Mervyn King attacks 'absurd' bank risk

image captionMr King said banks would need to rely on "much, much more equity" to finance risky investments

Bank of England Governor Mervyn King has attacked the 'absurd' level of risk taken on by banks in a speech.

He called the banks' reliance on short-term debt to meet funding needs in 2008 an "accident waiting to happen".

He said that, in future, banks must be forced to rely much more on equity to finance their risky activities.

His comments raise the prospect that big UK banks will be required to hold significantly more equity than new international rules require.

In order to do this, the banks might have to issue new shares, pay out less profits as dividends, or ration new lending more tightly.

Tighter rules

In September, the Basel international committee of bank regulators raised the minimum ratio of equity that banks must hold to absorb losses on loans and other risky investments from 2% to 7% of assets.

However, the committee said that even higher ratios were still to be agreed for the biggest banks whose failure would pose a risk to the financial system.

And individual regulators - such as the Bank of England - are free to set even higher standards if they choose.

The Swiss announced much higher capital ratios for their two biggest banks earlier this month.

'Achilles heel'

Mr King said that the new Basel minimum capital ratios were inadequate to address the problem of banks that are too big too fail, such as Barclays, HSBC and RBS.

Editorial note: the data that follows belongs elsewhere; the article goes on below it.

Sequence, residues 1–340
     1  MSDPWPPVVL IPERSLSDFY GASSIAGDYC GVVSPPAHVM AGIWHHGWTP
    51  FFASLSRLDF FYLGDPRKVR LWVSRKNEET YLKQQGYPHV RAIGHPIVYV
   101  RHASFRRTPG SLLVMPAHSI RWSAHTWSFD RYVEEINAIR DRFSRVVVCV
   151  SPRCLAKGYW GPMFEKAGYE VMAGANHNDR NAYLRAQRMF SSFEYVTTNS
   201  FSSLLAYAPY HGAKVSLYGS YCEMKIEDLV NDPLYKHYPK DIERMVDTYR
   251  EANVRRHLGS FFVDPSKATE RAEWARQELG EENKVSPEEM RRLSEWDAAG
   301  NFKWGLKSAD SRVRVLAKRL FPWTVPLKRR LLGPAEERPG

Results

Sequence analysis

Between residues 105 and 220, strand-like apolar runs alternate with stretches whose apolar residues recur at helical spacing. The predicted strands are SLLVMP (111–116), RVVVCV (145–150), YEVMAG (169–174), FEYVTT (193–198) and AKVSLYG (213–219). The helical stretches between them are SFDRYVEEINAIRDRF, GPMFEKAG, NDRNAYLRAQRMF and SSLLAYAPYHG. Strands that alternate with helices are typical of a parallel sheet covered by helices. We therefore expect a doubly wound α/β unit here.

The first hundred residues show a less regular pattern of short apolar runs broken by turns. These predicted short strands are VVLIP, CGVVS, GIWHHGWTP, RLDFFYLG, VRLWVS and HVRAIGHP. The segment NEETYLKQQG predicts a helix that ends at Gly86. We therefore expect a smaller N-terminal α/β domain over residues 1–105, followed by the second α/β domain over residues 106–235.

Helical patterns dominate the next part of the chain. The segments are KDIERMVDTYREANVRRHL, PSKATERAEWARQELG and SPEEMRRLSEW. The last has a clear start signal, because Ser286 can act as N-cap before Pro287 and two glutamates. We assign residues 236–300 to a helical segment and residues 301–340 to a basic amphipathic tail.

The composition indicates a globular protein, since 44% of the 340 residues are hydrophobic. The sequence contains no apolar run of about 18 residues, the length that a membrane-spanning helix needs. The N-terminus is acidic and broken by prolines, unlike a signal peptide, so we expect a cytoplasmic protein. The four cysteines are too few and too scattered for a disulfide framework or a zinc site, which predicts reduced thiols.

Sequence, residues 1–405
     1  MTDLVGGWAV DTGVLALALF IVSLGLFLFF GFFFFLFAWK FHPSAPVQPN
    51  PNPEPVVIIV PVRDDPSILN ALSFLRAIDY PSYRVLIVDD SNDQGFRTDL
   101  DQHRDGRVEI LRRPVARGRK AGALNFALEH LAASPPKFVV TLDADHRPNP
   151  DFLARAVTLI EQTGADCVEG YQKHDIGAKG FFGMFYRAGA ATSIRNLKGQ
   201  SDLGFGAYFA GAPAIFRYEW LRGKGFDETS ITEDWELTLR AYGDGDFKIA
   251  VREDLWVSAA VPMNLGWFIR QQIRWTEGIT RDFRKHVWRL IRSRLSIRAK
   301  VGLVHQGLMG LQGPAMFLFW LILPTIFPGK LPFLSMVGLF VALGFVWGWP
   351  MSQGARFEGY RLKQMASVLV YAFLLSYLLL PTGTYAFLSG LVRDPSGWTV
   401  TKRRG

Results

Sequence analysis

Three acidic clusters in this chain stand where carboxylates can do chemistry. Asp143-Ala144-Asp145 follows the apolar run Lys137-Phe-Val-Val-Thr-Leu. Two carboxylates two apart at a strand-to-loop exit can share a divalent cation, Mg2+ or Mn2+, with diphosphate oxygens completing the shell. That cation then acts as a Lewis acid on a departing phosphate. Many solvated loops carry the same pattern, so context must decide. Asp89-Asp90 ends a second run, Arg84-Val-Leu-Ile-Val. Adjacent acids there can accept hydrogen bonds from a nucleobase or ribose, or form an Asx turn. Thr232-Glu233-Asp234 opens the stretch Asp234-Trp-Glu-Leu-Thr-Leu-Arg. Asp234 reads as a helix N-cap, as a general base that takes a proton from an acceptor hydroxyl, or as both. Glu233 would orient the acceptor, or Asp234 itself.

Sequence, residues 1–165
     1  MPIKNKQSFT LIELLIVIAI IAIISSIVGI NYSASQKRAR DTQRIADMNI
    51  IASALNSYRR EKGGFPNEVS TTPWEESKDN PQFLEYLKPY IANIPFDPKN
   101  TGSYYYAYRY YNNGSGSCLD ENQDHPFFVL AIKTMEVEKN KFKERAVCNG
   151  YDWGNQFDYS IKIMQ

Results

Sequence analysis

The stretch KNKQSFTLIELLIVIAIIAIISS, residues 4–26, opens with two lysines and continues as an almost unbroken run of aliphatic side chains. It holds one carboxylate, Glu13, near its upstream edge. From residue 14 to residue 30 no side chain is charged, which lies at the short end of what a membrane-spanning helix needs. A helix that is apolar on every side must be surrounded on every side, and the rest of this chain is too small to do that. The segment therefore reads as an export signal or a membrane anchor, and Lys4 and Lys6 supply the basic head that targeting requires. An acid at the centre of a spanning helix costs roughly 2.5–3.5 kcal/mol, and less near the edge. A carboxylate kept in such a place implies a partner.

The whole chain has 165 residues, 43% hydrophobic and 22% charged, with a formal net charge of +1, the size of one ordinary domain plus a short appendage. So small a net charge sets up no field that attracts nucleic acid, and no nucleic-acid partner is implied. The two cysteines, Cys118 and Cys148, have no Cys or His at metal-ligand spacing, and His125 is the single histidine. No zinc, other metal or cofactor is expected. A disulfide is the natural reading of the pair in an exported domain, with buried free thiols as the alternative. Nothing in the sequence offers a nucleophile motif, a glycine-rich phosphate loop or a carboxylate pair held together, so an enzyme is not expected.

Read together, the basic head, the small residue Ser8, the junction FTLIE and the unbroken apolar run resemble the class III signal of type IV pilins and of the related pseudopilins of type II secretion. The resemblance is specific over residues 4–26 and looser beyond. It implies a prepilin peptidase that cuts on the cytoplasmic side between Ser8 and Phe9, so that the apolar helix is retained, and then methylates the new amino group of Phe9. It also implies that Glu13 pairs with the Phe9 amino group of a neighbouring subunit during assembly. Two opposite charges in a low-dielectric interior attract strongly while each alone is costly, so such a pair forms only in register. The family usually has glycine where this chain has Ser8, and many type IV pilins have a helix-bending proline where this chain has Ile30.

Such banks, he said, enjoy an implicit guarantee, which gives them an incentive to take on excessive risks.

He also said that the coalition government's proposal for a bank levy - which is expected to raise £2.5bn a year - would be nowhere near enough to cover the losses of a future financial crisis.

"The balance sheets of too many banks were an accident waiting to happen," he said, referring to the 2008 financial crisis.

"For all the clever innovation in the financial system, its Achilles heel was, and remains, simply the extraordinary - indeed absurd - levels of leverage represented by a heavy reliance on short-term debt," said Mr King.

"The broad answer to the problem is likely to be remarkably simple. Banks should be financed much more heavily by equity rather than short-term debt. Much, much more equity. Much, much less short-term debt."

He claimed a future crisis could only be averted by requiring capital levels that would "be seen by the industry as wildly excessive most of the time".

He expressed scepticism about the idea that banks could calibrate their borrowings depending on the riskiness of their investments.

"If only banks were playing in a casino, then we probably could calculate appropriate risk weights," he said. "Unfortunately, the world is more complicated."

Mr King gave his speech at the Buttonwood Gathering - a conference of economists in New York arranged by the Economist magazine.

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